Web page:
How to pacify a python
2014-05-23, Hazel Knowles

It’s you against a five-meter-long python and the life of your pet dog is in the balance. What kind of weapons and factors will help swing the contest in your favor?

A small bottle of alcohol, fearlessness and an ability to yank hard and keep pulling will give you a decent chance of saving your dog from the python’s deadly grip, according to python expert and snake catcher Dave Willott.

Dog walkers should consider carrying a bottle of isopropyl alcohol, which can be bought from pharmacies, he said. An effective way to get a python to release its grip is to pour the alcohol into its mouth or nose.

When a python is feeding, its windpipe comes out of the corner of its mouth to allow it to breath and if you can identify this, pour the alcohol here as it will go straight down its throat and distract it from the task in hand. Beating a python on the head or the body may work but they have thick skulls and are likely to tighten rather than loosen their grip under such an assault.

If you have no alcohol and nothing else at hand, the best approach is to grab the python’s tail and pull as hard as you can, Willott says. “You’ve got to go for the tail and start yanking and pulling it,” he said, explaining that pythons get disoriented when they are not anchored to the ground.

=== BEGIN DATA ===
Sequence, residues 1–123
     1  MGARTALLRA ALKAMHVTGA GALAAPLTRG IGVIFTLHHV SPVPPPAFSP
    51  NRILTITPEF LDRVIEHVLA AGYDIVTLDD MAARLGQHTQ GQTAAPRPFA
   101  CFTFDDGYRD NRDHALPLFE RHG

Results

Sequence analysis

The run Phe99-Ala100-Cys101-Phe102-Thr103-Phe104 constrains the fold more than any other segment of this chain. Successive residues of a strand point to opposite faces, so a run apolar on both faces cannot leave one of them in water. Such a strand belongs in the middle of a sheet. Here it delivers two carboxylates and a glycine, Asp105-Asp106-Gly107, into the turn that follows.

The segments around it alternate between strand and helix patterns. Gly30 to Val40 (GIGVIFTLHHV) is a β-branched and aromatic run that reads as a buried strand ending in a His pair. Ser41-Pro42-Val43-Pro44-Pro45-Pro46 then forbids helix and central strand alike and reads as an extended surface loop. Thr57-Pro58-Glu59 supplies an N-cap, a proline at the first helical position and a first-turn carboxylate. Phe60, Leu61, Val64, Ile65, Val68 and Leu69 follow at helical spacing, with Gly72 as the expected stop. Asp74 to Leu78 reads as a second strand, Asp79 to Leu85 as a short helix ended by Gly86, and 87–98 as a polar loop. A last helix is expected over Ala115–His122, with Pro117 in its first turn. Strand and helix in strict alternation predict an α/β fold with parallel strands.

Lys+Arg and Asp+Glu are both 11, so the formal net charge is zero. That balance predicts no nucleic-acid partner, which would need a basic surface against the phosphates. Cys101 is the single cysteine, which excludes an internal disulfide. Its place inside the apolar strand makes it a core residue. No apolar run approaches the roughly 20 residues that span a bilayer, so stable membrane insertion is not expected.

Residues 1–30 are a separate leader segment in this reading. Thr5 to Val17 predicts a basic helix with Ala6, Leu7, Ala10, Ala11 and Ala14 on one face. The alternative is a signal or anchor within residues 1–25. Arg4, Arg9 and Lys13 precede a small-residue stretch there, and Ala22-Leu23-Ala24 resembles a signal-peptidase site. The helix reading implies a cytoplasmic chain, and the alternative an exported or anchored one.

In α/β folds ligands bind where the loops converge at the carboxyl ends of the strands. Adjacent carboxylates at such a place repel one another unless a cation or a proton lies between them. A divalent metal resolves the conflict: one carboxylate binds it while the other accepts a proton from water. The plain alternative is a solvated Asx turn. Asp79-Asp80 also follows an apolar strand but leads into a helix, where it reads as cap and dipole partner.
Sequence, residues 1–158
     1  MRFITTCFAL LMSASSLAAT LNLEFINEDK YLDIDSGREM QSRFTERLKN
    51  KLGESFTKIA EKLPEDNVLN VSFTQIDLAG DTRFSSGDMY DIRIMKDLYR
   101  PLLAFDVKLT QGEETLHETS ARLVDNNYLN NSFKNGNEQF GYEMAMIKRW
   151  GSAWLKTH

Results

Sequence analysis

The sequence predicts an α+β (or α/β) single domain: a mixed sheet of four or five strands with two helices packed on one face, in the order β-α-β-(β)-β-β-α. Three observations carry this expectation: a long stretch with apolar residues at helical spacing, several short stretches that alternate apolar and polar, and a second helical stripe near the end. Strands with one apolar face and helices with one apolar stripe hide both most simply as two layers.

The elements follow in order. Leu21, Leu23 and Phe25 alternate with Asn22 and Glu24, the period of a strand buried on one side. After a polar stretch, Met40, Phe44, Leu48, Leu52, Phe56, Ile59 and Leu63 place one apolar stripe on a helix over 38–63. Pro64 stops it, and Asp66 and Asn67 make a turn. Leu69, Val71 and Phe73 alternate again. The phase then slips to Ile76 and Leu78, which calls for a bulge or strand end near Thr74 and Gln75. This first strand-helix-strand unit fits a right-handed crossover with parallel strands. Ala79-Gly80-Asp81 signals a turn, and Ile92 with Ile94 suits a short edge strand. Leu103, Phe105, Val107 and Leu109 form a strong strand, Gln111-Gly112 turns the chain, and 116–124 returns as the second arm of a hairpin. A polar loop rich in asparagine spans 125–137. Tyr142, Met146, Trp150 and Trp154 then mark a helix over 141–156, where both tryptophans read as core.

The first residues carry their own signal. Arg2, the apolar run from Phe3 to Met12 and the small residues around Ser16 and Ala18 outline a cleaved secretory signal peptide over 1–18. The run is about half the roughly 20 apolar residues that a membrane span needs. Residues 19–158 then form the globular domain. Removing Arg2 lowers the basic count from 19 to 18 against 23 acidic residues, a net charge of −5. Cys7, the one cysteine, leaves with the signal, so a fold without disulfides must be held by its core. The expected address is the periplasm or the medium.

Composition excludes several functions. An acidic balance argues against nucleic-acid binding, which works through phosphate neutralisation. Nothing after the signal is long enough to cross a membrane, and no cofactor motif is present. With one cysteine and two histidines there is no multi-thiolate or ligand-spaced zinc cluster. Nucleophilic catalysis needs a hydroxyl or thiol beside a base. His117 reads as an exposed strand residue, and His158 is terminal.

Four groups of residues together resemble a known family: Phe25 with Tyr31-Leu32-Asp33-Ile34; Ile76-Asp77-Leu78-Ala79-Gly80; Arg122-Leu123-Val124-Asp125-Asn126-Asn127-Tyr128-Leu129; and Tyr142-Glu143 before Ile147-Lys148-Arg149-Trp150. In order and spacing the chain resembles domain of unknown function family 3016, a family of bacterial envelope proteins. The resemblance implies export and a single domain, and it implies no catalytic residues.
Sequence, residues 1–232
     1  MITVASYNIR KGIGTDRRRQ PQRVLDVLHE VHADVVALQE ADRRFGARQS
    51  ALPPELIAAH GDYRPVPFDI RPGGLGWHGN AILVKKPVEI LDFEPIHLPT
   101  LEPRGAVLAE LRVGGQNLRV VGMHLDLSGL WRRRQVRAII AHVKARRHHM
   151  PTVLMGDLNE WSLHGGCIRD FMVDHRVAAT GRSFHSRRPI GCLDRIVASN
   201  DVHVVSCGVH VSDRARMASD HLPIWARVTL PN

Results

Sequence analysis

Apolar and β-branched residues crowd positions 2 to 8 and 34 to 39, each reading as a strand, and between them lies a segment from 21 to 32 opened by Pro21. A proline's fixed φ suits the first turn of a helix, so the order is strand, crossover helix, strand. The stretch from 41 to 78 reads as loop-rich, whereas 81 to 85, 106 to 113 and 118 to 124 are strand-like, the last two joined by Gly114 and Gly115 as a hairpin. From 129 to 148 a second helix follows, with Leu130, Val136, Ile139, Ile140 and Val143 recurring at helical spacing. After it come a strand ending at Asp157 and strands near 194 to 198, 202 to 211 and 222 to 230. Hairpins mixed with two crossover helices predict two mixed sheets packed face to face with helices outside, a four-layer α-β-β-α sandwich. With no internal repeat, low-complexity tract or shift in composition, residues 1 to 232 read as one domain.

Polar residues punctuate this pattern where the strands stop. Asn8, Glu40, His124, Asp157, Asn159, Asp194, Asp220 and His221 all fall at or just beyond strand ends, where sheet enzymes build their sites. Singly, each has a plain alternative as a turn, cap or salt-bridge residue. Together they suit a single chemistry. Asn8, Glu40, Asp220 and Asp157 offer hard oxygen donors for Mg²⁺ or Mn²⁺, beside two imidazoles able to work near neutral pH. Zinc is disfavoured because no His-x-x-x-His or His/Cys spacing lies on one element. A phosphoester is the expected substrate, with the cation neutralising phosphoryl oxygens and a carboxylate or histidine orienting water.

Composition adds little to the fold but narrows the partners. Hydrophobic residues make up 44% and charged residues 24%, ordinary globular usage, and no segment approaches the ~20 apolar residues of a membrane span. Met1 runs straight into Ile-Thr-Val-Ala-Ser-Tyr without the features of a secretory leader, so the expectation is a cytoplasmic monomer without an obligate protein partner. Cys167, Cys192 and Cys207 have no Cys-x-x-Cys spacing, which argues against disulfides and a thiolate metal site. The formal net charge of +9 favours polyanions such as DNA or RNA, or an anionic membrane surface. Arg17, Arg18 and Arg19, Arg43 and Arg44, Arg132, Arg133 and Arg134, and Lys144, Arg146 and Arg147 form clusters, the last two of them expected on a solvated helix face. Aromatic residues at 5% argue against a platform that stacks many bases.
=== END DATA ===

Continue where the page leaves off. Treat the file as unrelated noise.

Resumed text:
“The snake might tighten up at first. It doesn’t really like the idea of not being anchored down and that’s what they do. They constrict. But if you’re aggressive enough towards it and you get its tail and start walking backwards and pulling it, it will let go.”

Wrestling with a fully-grown python is a “daunting, scary task”, Willott said, and takes a big dose of courage and conviction for someone not used to handling a snake.

He cited the case of Catherine Leonard who in 2007 punched and pulled a 4.5 meter python — possibly the same one that killed the Heyrings’ dog last Saturday — off her 20-kg pet husky Poppy.

“She just went for it and that’s what you have to do,” said Willott. “She was really brave. Her dog was like her kid, and she wasn’t going to let go.”


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